Dust Whirls, Swirls and Twirls at Rosetta’s Comet

Montage of four single-frame images of Comet 67P/C-G taken by Rosetta's Navigation Camera (NAVCAM) at the end of February 2015. The images were taken on 25 February (top left), 26 February (top right) and on two occasions on 27 February (bottom left and right). Exposure times are 2 seconds each and the images have been processed to bring out the details of the comet's many jets. Credits: ESA/Rosetta/NAVCAM – CC BY-SA IGO 3.0

Montage of four single-frame images of Comet 67P/C-G taken by Rosetta’s Navigation Camera (NAVCAM) at the end of February 2015. The images were taken on 25 February (top left), 26 February (top right) and on two occasions on 27 February (bottom left and right). Exposure times are 2 seconds each and the images have been processed to bring out the details of the comet’s many jets. Credits: ESA/Rosetta/NAVCAM – CC BY-SA IGO 3.0

Tell me this montage shouldn’t be hanging in the Lourve Museum. Every time I think I’ve seen the “best image” of Rosetta’s comet, another one takes its place. Or in this case four! When you and I look at a comet in our telescopes or binoculars, we’re seeing mostly the coma, the bright, fluffy head of the comet composed of dust and gas ejected by the tiny, completely invisible, icy nucleus.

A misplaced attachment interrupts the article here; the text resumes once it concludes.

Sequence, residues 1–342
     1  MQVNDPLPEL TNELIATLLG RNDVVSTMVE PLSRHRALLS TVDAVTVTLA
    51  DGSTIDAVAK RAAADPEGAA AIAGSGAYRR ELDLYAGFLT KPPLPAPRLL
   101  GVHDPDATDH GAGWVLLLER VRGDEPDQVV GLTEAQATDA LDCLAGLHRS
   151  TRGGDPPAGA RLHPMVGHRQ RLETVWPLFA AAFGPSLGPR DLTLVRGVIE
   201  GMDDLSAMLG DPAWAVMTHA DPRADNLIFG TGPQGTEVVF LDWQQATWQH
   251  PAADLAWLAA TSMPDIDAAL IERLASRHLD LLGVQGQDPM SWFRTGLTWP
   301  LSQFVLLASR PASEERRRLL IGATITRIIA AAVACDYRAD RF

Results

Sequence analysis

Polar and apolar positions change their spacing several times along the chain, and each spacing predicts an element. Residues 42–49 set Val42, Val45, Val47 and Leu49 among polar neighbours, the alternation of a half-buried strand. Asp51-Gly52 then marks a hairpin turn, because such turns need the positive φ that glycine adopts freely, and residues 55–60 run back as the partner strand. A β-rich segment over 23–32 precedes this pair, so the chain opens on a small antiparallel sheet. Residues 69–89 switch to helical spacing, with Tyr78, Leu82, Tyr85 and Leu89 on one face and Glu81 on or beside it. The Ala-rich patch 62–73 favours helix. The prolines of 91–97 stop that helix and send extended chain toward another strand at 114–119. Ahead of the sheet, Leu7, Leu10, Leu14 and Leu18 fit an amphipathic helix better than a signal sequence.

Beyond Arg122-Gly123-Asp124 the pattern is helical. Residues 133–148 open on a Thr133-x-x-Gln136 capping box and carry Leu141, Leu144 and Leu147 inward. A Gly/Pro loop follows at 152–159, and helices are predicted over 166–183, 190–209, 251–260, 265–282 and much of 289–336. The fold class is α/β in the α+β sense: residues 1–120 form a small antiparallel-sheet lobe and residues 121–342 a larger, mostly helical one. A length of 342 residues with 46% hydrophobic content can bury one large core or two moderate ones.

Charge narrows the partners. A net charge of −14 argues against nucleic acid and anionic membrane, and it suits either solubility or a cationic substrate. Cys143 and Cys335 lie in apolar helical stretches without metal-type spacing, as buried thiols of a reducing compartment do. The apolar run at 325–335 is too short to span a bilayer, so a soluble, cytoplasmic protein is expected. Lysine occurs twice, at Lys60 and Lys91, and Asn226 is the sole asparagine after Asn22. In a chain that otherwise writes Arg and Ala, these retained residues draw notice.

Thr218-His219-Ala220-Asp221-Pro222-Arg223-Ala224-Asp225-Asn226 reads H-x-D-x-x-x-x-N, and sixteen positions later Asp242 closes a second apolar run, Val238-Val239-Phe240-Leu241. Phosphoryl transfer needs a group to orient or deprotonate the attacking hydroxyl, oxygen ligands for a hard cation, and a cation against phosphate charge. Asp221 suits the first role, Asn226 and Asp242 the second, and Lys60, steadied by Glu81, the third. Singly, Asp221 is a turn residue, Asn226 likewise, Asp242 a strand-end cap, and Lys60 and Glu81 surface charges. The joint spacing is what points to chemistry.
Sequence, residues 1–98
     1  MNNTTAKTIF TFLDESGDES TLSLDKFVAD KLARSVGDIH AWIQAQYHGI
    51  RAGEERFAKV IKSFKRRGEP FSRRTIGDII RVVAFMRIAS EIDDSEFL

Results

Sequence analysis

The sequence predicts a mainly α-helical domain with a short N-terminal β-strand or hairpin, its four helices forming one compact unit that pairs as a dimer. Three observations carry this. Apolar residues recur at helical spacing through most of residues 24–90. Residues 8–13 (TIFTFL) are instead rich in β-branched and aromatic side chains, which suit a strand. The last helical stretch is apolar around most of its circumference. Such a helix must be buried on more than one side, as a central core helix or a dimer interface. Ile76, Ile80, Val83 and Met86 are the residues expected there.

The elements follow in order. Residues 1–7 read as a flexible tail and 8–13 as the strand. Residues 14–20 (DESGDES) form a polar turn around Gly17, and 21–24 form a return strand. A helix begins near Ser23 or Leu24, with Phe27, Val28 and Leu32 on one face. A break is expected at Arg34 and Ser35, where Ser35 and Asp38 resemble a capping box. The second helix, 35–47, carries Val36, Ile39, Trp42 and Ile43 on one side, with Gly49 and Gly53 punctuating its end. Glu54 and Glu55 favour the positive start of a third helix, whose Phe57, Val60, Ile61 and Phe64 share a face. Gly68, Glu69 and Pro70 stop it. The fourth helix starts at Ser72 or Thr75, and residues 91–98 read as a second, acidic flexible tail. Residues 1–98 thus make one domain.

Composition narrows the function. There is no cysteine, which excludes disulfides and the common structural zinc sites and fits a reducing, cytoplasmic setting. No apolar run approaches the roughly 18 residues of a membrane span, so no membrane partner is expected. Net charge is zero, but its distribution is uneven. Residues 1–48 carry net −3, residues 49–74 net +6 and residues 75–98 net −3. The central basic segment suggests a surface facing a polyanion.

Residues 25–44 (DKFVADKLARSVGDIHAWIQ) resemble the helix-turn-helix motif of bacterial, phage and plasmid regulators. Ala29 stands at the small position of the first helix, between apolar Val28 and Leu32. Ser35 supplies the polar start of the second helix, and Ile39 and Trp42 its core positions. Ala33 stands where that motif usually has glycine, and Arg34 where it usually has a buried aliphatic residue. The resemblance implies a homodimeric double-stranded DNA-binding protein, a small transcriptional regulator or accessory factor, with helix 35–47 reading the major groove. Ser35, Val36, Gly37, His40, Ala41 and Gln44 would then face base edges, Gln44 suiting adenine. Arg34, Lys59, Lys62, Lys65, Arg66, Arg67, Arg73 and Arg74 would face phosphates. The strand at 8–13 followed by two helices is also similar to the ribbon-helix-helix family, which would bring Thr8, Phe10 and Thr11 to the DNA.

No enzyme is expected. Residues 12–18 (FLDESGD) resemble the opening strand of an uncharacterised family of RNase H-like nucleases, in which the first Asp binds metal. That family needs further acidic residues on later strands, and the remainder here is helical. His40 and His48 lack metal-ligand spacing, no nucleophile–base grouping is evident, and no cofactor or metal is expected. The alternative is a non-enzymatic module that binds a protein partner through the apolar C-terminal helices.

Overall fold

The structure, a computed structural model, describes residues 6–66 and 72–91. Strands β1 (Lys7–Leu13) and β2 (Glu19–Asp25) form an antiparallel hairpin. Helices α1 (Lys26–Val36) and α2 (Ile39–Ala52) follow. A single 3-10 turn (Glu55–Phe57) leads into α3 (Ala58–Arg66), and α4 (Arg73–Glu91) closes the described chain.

As we examine this beautiful set of photos, we’re privileged to see the individual fountains of gas and dust that leave the comet to create the coma. Much of the outgassing comes from the narrow neck region between the two lobes. (…)
Read the rest of Dust Whirls, Swirls and Twirls at Rosetta’s Comet (490 words)


© Bob King for Universe Today, 2015. |
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